It is impossible to talk about Galesburg’s antique stores without mentioning the famous Antique Mall located on Main Street near Innkeepers. The three-story time capsule is one that could get a person lost for an entire day, making this event more of a weekend event.

Upon entering the store, you are greeted with the most distinct antique smell that only grows more potent as you climb the stairs to visit different rooms. The twenties themed music rings through your ears as you get lost in the rows and rows of glass display cases that showcase everything from jewelry to nic-nacs to political pins. With such a wide selection of items, it can be impossible to decide on exactly what you want to purchase, or it could be the perfect place to find exactly what you are searching for.

Keeping on the theme, The Antique Mall holds the same similar vendor style, renting out small sections for anyone who wants a space to sell their items. Walking through the many rooms, the store transforms into a jewelry store to a furniture store to a personal art gallery to a museum upon reaching the third floor. As if to continue this blast from the past, the museum room shows a detailed history of Galesburg’s past Ñ from the Maytag closing to the former newspaper, The Zephyer. With the addition of this museum, it is easy to get lost for hours, as people often do. There are often people sitting around a table sharing their to-go cups of coffee from the nearby coffee shop, having a conversation as a break from the antique searching.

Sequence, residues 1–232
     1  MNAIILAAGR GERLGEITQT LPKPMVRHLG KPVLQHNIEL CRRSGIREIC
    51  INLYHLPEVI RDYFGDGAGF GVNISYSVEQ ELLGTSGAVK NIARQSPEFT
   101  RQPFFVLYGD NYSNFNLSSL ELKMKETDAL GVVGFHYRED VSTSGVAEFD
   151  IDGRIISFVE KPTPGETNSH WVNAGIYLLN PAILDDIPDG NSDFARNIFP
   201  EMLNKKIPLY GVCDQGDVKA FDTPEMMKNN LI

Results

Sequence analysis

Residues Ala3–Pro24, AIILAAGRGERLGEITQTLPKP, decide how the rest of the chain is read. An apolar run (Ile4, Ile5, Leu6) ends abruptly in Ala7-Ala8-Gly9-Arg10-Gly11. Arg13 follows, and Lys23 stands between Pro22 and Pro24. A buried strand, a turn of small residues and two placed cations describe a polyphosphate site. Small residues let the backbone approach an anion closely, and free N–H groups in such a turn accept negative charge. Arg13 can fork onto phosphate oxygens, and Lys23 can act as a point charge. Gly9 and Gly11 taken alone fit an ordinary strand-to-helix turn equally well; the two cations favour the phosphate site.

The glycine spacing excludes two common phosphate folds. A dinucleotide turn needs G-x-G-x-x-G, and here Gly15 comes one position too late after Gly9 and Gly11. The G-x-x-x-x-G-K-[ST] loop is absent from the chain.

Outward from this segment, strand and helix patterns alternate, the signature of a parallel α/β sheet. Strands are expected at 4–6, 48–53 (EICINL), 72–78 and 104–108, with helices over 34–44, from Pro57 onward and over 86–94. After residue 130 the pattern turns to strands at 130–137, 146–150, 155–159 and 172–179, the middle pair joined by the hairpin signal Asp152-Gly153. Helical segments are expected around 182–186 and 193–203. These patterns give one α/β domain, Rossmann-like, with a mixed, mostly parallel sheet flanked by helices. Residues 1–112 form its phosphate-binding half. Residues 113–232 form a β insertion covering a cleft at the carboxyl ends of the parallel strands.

There is no limit to what you can find while searching the rooms of antiques. Often you will find a bags of various items, such as kitchen utensils, random mixed up jewelry, or old toys dating back to the fifties. For one employee, she found the old bottles of perfume and compact mirrors for make-up use.

She felt that “you just don’t find things like these in this generation,” and finds that the hold value as the years go by.

Another employee found that the most valuable item she could think of that remains in the store is the Confederate money that totals about $700.

A fellow customer shared her love for the mall as she glanced through the glass showcases. She mentioned how she has seen items that have been sitting in the store for ages, but still manages to fall upon new items each time she visits.

One aspect that could catch someone in one spot for hours is the many boxes of vintage postcards, some with writing and some without. It was exciting to turn each card over to see if someone wrote a note to family member or a loved one, or if the space was blank for someone to write their own postcard. The heart-warming surprise of cursive writing declaring someones love for another was one not to forget.

Compared to Not Too Shabby and The Junk Drawer, The Antique Mall will almost always have something you are looking for Ñ or close to it. If you are antiquing for a specific item, The Antique Mall is just about guaranteed to satisfy your search.


The Antique Mall hosts a studio for local painter Jillie Swanson to create her paintings as well as sell them. (Alicia Olejniczak/TKS)

Stacks of old Life magazines are available to buy inside the Antique Mall. (Alicia Olejniczak/TKS)

One of the many old trinkets that the Antique Mall has are buttons from Nixon’s campaign in 1968. (Alicia Olejniczak/TKS)

The third floor of the Antique Mall features a small museum on the history of Galesburg and features a section on the importance of Maytag in town. (Alicia Olejniczak/TKS)



Alicia Olejniczak, Associate Mosaic Editor
Sadie Cheney, Co-Mosaic Editor

Tags:  antique mall Antiques crafts galesburg antiques mall history local business maytag museum vintage

Bookmark and Share

Previous Post
Swimming and Diving Compete at MWC
Next Post
The Lakers don't have to win a championship for Kobe Bryant

You might also like


Leave a Reply

Your email address will not be published. Required fields are marked *

This site uses Akismet to reduce spam. Learn how your comment data is processed.